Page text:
Congress has created many policies that address food and nutrition in the U.S. based on both agriculture industry interests and anti-hunger efforts for people with low incomes. The Supplemental Nutrition Assistance Program (SNAP) originated in temporary food stamp programs designed to alleviate hunger while also creating a market for food supplies deemed to be surplus by the Department of Agriculture. The Food Stamp Program (FSP) became a permanent program with the Food Stamp Act of 1964 and the program retained its dual purpose of improving nutrition for households with low incomes and supporting the agriculture industry52. The FSP evolved into SNAP with many variations in funding levels, priorities, and Congressional directives along the way52. Prior to 1996, SNAP benefits were commonly distributed in the form of paper vouchers which could easily be accepted at farmers markets. The Personal Responsibility and Work Opportunity Reconciliation Act (PRWORA) mandated that all programs use EBT systems to distribute benefits52. EBT systems require infrastructure, such as telephone lines and electricity, that is not found at many farmers markets and SNAP redemption at farmers markets declined sharply as a result53.

Equity Considerations
  • Who in your community receives SNAP? Who is eligible for SNAP and does not receive it? How can your community improve outreach to increase SNAP participation among eligible non-participants?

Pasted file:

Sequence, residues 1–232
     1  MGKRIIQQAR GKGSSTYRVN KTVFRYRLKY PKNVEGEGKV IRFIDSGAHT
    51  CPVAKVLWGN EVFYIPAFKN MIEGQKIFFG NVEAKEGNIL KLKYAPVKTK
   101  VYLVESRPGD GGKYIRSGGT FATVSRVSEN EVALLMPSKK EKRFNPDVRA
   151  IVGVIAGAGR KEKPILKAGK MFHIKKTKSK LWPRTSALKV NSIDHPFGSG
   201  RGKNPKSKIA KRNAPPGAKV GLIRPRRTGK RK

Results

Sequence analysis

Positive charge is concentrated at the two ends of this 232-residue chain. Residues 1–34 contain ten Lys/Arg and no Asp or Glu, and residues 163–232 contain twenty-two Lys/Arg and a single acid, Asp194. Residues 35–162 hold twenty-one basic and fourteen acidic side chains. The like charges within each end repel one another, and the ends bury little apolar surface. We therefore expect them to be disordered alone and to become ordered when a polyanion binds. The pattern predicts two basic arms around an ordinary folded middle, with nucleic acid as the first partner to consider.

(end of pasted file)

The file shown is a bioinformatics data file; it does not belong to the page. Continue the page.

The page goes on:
• What farmers markets are available to people who receive SNAP in your community? Where are they located and when are they open? How are farmers markets and SNAP being promoted in your community?
  • Who decides if EBT will be implemented in your community? What barriers do individual farmers and markets in your area face when becoming an authorized SNAP retailer?
Implementation Examples

As of January 2023, according to the U.S. Department of Agriculture (USDA) Food and Nutrition Service, over 3,100 farmers markets are authorized to accept Supplemental Nutrition Assistance Program (SNAP) benefits33. Some municipalities require farmers markets to accept EBT (e.g., San Francisco)34 and several state legislatures have enacted legislation to support using EBT machines at farmers markets (e.g., California, Indiana, and Massachusetts)11, 35. Many farmers markets that accept EBT report increases in SNAP benefit redemption, including Philadelphia Food Trust farmers’ markets36 and NYC Greenmarket program37.